Mountfort, P., Peirson-Smith, A., & Geczy, A. (2018). Planet Cosplay: Costume Play, Identity and Global Fandom. Blackboard. https://blackboard.aut.ac.nz/

Geczy, A., Mountfort, P., Peirson- Smith, A. (2018). Planet cosplay. United Kingdom: Bristol, United States: Chicago. Interlect

Week 9: Anastasia Shearer

Question 3: What are some of the problems around cosphotography in terms of various (potentially unwelcome) gazes?

A big problem around cosphotography is the sexualising and objectifying of cosplayers, especially female cosplayers. This is a common problem in Japan because the age demographic for cosplayers are astutely younger compared to other places in the world with 90% of cosplayer participants being females in their twenties. Furthermore, in Japan there are weekly hall events in which cosplayers can attend to be photographed, the problem being that the majority of photographers are male. However, the rules in Japan around cosphotography are stricter than they are in the west. Some cosplayers will already have cards that have photographs of them that they can give out to their fan base and which also helps them to further build up their following, whereas other cosplayers known as toreareta will want to have their photograph taken. However, they still have the right to be concerned about where the photographs will be displayed and will often only consent to be photographed by a small group of trusted contacts. Additionally, the Japanese cosplay culture has a social ritual involved in asking for permission to photograph someone that is more official and expected than in the west (Mountfort, 2018). This ritual involves the photographer politely approaching the cosplayer and asking for their permission to be photographed. If the cosplayer agrees they will go through a set of poses. The photographer will take one or more pictures depending on if it’s been specified. Both the photographer and the cosplayer will thank each other, and sometimes the photographer will give them the prints once they have been developed (Mountfort, 2018). It is rituals such as these that may make the cosplayer feel heard, respected and comfortable as they have given consent. As well as this, the ritual helps to protect the female cosplayers from being demonstrated to hentai lech (the Japanese way of saying pervert). Japan also corners off designated areas for female cosplayers to further prevent any uncomfortable interactions with said perverts.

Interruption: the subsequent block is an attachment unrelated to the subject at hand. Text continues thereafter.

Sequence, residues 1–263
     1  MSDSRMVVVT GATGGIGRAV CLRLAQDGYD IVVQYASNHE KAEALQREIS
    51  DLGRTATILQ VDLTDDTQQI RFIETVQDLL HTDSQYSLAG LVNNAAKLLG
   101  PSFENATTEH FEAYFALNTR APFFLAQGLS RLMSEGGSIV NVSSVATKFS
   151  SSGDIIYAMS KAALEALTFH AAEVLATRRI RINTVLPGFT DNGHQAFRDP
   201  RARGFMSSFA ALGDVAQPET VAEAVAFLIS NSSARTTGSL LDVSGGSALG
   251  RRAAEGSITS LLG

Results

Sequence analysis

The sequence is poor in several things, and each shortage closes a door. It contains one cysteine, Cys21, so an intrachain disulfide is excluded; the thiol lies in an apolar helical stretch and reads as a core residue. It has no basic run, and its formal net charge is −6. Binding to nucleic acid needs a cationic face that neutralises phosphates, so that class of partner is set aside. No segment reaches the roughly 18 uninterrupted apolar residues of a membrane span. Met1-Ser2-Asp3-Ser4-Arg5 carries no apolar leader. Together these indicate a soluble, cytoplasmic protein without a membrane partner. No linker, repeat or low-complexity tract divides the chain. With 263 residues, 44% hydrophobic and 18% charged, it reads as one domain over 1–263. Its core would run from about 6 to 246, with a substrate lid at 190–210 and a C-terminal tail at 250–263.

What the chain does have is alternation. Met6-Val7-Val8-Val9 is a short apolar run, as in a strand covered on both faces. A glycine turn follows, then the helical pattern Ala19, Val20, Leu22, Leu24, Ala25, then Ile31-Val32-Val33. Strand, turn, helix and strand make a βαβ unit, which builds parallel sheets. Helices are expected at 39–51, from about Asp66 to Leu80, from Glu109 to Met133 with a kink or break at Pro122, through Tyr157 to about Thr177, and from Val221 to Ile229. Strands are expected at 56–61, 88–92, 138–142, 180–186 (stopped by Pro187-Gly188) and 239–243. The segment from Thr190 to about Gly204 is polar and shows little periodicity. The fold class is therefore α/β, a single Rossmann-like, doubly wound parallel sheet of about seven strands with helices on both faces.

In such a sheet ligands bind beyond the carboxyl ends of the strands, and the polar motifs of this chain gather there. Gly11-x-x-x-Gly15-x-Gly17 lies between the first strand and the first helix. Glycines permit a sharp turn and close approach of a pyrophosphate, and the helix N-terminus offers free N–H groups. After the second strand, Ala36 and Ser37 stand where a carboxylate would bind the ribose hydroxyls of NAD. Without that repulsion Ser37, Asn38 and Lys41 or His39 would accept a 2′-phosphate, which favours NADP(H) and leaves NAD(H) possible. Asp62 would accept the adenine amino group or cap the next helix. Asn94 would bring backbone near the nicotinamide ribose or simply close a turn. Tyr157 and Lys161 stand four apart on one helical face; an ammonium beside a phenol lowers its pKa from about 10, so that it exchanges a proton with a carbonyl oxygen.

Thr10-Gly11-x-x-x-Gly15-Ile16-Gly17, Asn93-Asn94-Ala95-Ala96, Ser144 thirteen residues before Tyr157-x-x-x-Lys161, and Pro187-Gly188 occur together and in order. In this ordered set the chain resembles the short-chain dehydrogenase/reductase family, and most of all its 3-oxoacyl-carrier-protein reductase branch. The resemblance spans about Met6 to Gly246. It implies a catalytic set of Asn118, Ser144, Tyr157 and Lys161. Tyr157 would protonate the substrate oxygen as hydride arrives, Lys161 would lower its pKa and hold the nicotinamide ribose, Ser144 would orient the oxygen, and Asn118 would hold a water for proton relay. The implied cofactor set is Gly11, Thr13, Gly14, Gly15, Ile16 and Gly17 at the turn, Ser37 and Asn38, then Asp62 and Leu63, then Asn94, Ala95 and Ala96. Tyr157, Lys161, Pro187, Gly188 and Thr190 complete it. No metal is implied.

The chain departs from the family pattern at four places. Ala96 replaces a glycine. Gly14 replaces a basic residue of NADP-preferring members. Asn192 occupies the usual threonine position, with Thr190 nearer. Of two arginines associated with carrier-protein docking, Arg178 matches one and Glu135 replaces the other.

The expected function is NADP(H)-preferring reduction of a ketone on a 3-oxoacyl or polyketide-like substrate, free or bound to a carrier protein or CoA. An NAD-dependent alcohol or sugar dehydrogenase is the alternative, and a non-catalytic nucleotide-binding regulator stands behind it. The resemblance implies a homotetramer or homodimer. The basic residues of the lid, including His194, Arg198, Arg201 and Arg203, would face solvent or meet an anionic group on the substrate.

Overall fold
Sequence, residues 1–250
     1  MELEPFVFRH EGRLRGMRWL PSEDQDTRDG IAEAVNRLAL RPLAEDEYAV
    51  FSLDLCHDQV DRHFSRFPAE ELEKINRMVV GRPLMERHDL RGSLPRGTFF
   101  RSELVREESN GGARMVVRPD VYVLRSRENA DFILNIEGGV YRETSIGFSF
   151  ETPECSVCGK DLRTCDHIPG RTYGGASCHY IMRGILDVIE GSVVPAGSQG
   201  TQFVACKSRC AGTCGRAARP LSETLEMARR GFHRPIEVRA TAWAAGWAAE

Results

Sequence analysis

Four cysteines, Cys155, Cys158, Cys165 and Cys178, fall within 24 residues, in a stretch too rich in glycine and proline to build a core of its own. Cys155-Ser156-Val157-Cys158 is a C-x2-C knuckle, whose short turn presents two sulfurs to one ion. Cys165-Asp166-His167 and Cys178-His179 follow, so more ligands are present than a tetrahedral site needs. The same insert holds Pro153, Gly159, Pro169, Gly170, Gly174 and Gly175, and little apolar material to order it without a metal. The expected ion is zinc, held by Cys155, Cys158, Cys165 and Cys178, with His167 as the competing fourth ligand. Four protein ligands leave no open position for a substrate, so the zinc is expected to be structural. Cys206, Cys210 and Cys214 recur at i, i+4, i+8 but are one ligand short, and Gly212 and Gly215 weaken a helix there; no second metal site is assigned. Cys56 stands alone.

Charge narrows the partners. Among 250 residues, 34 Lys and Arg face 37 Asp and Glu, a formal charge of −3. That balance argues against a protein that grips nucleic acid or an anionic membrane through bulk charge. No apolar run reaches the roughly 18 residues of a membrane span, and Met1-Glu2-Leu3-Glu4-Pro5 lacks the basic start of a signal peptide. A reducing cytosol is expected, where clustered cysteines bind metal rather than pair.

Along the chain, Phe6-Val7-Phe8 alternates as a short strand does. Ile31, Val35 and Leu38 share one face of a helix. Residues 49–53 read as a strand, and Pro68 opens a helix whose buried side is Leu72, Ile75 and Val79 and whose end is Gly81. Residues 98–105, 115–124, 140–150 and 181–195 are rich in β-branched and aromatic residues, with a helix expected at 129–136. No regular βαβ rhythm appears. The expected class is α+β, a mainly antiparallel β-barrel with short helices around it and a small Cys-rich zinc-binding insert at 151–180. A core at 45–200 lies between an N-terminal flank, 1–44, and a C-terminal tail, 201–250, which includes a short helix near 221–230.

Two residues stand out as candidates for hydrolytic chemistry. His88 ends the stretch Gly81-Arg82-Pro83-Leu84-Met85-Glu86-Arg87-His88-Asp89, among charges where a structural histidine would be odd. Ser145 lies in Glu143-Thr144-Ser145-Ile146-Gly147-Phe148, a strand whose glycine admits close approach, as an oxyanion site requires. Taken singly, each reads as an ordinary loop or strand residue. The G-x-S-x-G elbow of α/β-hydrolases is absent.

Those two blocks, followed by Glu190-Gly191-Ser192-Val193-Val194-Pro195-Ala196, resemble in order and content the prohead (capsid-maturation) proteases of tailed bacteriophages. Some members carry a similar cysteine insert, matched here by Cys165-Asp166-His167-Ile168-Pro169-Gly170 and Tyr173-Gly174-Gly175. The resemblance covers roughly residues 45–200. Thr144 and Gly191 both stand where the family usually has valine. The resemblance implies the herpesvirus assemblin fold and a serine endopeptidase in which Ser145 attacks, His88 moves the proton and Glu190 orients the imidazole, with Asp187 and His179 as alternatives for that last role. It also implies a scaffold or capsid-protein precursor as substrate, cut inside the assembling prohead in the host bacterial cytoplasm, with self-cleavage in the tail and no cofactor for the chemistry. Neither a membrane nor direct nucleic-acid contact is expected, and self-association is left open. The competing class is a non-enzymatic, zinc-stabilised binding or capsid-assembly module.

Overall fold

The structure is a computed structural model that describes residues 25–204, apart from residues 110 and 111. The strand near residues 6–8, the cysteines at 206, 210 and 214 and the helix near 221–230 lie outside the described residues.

Some female Japanese cosplayers have criticized this approach as they feel that when they cosplay they have the strength and empowerment to ward off any lurking eyes and unwelcome photographers. Some cosplayers have taken their publicity into their own hands and have started posting the photos themselves without the sexualised clickbait tagline. But it has also had the opposite effect, it has been shown that though many female cosplayers from east Asia enjoy the attention they receive whilst out in costume, the cosphotography can lead to feelings of insecurity about their appearance or feeling as though they are being publicly sexualised. This has shown to either make them stop cosplaying and participating in these events or at least stop attending them alone. 

Sexualisation is not the only way in which cosphotographers and the public make cosplayers feel. Sometimes the photographers aren’t there to enjoy and appreciate the cosplayers efforts at all, instead they diminish and mock the cosplayers efforts. It was found that 10% of non-costumed attendees only go to these conventions to later upload the photographs and publicly mock the cosplayers (Mountfort, 2018). Many studies have been done around the detrimental side of social media, and that unfortunately does not surpass the world of cosplay. Fat shaming of female cosplayers, mocking of costumes and just general trolling is thrown upon the cosplay community both from inside and outside the cosplay community (Mountfort, 2018).    

References

Mountfort, P. (2018). Planet cosplay. Intellect Books. 

week 9

In what ways can cosphotography be understood as a form of “fan capital